The Mamluks were, at one distinct point in history, the greatest body of fighting men in the world and the quintessence of the mounted warrior, reaching near perfection in their skill with the bow, lance and sword. They were slave soldiers, imported as boys into the Islamic Empire from the pagan Steppes, but they became its saviour, defeating the Mongols and forming the machine of jihad that destroyed the Crusader kingdoms of Palestine and Syria. They entered the Islamic world as unlettered automatons and through a total application to the craft of the warrior they became more than soldiers. After a bloody seizure of power from their masters, the descendants of Saladin, they developed a martial code and an honour system based on barracks brotherhood, a sophisticated military society that harnessed the state's energies for total war and produced a series of treatises on cavalry tactics, martial training, mounted archery and scientific and analytical approaches to warfare that more than compare to Sun Zi's Art of War, the Western Codes of Chivalry and the Bushido in their complexity, beauty of language and comprehensive coverage of the bloody business of war. Their story embraces many of the great themes of medieval military endeavour: the Crusaders and the deadly contest between Islam and Christendom, the Mongols and their vision of world dominion, Tamerlane and the rise of the Ottoman Empire whose own slave soldiers, the Janissaries, would be the Mamluks' final nemesis. James Waterson is a graduate of the School of Oriental and African Studies, University of London. He worked and taught in the US and China for a number of years and now lives in Italy.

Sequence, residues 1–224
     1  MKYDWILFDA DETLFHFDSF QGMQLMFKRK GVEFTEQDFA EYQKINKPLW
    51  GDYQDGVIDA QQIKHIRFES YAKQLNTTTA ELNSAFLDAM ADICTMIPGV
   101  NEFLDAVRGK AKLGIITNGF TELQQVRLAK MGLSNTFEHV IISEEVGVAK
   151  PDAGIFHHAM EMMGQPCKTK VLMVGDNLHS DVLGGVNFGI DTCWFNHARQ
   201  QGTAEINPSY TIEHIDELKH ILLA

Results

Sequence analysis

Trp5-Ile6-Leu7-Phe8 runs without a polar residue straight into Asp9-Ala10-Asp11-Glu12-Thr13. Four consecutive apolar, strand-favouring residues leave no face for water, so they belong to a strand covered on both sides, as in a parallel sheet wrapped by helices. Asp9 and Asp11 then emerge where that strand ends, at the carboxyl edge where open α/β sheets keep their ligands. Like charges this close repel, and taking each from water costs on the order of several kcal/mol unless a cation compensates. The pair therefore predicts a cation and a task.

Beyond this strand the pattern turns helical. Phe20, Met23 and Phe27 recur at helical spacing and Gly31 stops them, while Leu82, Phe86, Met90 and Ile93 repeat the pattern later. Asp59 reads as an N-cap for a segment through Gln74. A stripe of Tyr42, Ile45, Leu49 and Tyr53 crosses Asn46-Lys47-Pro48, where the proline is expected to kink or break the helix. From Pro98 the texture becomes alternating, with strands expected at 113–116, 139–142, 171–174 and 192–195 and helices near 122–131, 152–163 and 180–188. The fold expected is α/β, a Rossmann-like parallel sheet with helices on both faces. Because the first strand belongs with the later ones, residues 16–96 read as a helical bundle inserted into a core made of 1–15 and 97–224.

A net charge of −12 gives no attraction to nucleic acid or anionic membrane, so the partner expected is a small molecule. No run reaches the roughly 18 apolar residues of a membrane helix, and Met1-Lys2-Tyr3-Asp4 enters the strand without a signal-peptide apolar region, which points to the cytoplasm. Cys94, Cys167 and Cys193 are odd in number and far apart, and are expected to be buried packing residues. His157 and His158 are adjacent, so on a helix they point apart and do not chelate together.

Foreword by John Man.